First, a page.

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India’s ABANDONED superbikes: Yamaha FZ-1, Honda CBR 600RR & more

India is neck-deep with automotive enthusiasts, more so towards the biking side of things. India is also the world’s largest two-wheeler market, however, the reason could be poor road infrastructure along with the majority of the people lying in low-income groups. The market of performance bikes is still saturated and is only serving customers with deep pockets. This is due to the high tax slabs on imported vehicles. Any enthusiast feels more than content to even get a glimpse of such superbikes on public roads and poorly maintained superbikes can depress you to the same extent. Read on to find out about such high-end performance bikes which are left to rot away.

India’s ABANDONED superbikes: Yamaha FZ-1, Honda CBR 600RR & more

The bikes that you see in the picture above have been spotted at Andheri Police Station, Mumbai. This picture clicked by Sidhartha M made waves amongst a lot of motorcycle enthusiasts. As you can see in the picture, the bikes include a Honda CBR 1000RR Fireblade, Honda CBR 600RR and a Yamaha FZ-1. It is sad to see that a bike like Honda CBR 600RR, which is not legally sold in India is lying abandoned in this place. There are four of them that can be seen in the picture and who knows how many more are lying across the country.

India’s ABANDONED superbikes: Yamaha FZ-1, Honda CBR 600RR & more

Moving ahead, in the same police station garage, we could also spot a Honda Repsol official. It has the same paint scheme as Honda Repsol MotoGP and is a head-turner. It’s extremely popular amongst Honda CBR600 to get the replica stickers as in Honda Repsol MotoGP. Those people’s heart will ache to see the condition of this powerful bike, just lying here.

India’s ABANDONED superbikes: Yamaha FZ-1, Honda CBR 600RR & more

Our eyes catch another rare paint job on a bike in the same parking lot. This is the official Konica Minolta edition of the Honda CBR600RR. This is an extremely rare product and an even more rare paint job. Most of the buyers of Konica Minolta prefer the standard colour options available in this bike. Along with this beauty, we can spot a naked Yamaha FZ-1, which is extremely damaged. From the look of it, it seems like this bike came in due to an accidental damage case and the headlamp has melted away due to extreme fire or heat from another vehicle. However, this damage could be repaired easily.

Mid-segment imported bikes

India’s ABANDONED superbikes: Yamaha FZ-1, Honda CBR 600RR & more

The majority of these bikes are mid-segment. International manufacturers offer their flagship litre-class product in the Indian market and get customers as well. However, due to the restrictions of the customs and government, selling CBU motorcycle of up to 600cc is a difficult job. The reason behind such heavy taxes and laws against importing motorcycles was to promote Indian manufacturers and allow them to develop new motorcycles to sell in the market. However, the market remains dominant with entry-level motorcycles and commuter bike. Even though manufacturers like Royal Enfield has launched 650cc motorcycles, other manufacturers like Bajaj and Hero are yet to catch up.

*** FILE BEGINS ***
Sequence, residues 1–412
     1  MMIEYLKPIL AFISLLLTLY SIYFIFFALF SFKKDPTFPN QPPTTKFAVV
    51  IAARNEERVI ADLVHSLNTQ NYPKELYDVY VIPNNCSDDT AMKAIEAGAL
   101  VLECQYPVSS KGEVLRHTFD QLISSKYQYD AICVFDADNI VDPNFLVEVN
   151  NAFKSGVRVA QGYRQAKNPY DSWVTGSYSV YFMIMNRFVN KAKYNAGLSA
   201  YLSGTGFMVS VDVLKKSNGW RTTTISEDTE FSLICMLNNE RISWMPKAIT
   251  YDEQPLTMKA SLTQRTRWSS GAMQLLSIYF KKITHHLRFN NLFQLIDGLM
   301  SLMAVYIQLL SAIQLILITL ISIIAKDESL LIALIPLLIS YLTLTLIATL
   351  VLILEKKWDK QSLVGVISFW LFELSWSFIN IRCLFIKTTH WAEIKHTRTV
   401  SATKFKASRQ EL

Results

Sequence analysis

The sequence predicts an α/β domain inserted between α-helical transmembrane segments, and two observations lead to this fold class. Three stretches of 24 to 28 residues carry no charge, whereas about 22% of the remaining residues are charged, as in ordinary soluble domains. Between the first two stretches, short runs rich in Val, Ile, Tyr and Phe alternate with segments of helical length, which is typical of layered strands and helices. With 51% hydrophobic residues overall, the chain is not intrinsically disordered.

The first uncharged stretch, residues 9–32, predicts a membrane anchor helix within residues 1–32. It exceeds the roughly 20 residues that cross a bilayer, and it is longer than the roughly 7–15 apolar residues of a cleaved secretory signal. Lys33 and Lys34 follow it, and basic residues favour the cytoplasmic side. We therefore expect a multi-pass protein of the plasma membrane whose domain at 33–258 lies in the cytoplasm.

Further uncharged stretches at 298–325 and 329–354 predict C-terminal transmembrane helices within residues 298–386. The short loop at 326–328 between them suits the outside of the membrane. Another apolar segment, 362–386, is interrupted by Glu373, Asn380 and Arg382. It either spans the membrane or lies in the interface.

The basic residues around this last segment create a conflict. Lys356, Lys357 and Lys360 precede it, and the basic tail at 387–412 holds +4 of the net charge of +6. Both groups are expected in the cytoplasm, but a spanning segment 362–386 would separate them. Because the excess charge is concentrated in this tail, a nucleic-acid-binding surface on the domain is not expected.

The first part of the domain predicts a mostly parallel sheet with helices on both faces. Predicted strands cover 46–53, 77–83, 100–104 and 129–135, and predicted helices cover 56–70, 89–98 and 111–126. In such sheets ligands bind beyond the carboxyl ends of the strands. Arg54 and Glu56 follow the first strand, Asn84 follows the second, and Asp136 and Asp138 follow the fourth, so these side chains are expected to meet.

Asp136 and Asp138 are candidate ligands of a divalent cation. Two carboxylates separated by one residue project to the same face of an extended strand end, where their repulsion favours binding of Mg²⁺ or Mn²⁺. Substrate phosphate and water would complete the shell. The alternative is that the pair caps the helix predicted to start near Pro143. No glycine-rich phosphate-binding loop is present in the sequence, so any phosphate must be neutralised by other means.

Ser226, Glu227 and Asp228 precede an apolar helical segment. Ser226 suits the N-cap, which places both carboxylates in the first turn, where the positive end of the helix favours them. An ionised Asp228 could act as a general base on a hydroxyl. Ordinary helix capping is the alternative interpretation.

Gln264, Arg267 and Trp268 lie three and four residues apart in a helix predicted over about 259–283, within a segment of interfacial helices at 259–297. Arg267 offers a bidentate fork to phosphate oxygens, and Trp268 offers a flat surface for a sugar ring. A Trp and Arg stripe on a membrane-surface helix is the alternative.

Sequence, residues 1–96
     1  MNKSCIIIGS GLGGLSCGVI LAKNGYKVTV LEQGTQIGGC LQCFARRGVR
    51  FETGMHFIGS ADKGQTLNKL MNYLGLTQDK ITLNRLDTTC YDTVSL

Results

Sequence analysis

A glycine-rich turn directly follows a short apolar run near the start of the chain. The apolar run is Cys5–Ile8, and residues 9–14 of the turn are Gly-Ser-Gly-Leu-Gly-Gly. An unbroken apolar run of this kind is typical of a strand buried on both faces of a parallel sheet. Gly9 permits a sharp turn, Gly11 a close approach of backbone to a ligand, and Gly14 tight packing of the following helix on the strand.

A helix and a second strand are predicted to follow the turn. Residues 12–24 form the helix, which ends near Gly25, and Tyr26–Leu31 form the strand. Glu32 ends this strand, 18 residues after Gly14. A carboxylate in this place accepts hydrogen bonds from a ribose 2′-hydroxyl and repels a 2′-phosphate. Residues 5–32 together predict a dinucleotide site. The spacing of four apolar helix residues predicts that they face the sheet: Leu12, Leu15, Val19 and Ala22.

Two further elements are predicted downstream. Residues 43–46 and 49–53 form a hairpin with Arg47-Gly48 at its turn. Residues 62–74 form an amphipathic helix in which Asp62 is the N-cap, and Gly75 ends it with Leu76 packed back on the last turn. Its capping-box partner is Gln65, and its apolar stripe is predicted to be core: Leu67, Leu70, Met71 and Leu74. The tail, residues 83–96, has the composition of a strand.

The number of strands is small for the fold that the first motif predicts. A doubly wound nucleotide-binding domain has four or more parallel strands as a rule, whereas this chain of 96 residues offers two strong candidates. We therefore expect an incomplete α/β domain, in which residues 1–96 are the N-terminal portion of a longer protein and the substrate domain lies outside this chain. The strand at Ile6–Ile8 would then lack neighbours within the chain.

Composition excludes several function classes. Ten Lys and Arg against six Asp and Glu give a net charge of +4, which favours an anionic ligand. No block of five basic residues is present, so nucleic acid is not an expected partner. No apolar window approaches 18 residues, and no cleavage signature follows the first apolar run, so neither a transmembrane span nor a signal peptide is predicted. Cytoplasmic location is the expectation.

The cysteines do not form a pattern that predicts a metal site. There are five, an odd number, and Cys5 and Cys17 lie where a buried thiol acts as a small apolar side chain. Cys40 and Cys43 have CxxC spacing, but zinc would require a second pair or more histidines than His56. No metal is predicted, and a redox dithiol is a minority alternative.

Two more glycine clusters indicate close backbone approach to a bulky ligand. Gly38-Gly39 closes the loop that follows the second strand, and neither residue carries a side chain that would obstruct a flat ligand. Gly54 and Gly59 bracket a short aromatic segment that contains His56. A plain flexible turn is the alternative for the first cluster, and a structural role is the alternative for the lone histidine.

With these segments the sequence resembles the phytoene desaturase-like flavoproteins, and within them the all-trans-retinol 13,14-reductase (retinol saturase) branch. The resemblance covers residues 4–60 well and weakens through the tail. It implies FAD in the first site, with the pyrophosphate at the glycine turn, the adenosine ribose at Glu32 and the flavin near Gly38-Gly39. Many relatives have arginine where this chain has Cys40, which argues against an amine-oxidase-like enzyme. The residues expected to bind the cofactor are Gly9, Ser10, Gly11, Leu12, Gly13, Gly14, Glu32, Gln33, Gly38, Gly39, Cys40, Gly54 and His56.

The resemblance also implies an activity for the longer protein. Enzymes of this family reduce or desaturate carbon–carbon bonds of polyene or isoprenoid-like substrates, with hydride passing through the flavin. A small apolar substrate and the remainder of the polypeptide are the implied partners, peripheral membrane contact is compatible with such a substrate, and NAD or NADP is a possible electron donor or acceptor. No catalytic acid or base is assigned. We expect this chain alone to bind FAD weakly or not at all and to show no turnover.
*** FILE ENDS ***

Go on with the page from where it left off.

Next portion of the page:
India’s ABANDONED superbikes: Yamaha FZ-1, Honda CBR 600RR & more

In the present-day scenario, the law has allowed manufacturers to sell 800cc and above CBU imports in India. International manufacturers have set up assembly lines in India to import CKD versions of their high-performance bikes. Now we have options like Kawasaki ER6n, Kawasaki Ninja 650F, Honda CBR 650 and the Triumph Daytona 675 more. None of the manufacturers can legally sell bikes like the Kawasaki Ninja ZX-6R or the Honda CBR600RR in the Indian market, which are powered by less than 600cc engines.

India’s ABANDONED superbikes: Yamaha FZ-1, Honda CBR 600RR & more

This unavailability of performance bikes leads enthusiasts to take illegal routes to procure their dream bikes. They try to illegally import bikes and evade the tax liabilities. The Directorate of Revenue Intelligence (DRI) has been extremely active in finding people who have done or supported these irregularities. These bikes are thereafter seized by the DRI and the owners are liable to pay even more if they want to get it back. The fine and the taxes precede the actual cost of the bike and as a result, most of the owners don’t even get their bikes back. We aren’t sure if any of the bikes in the above picture falls under this segment.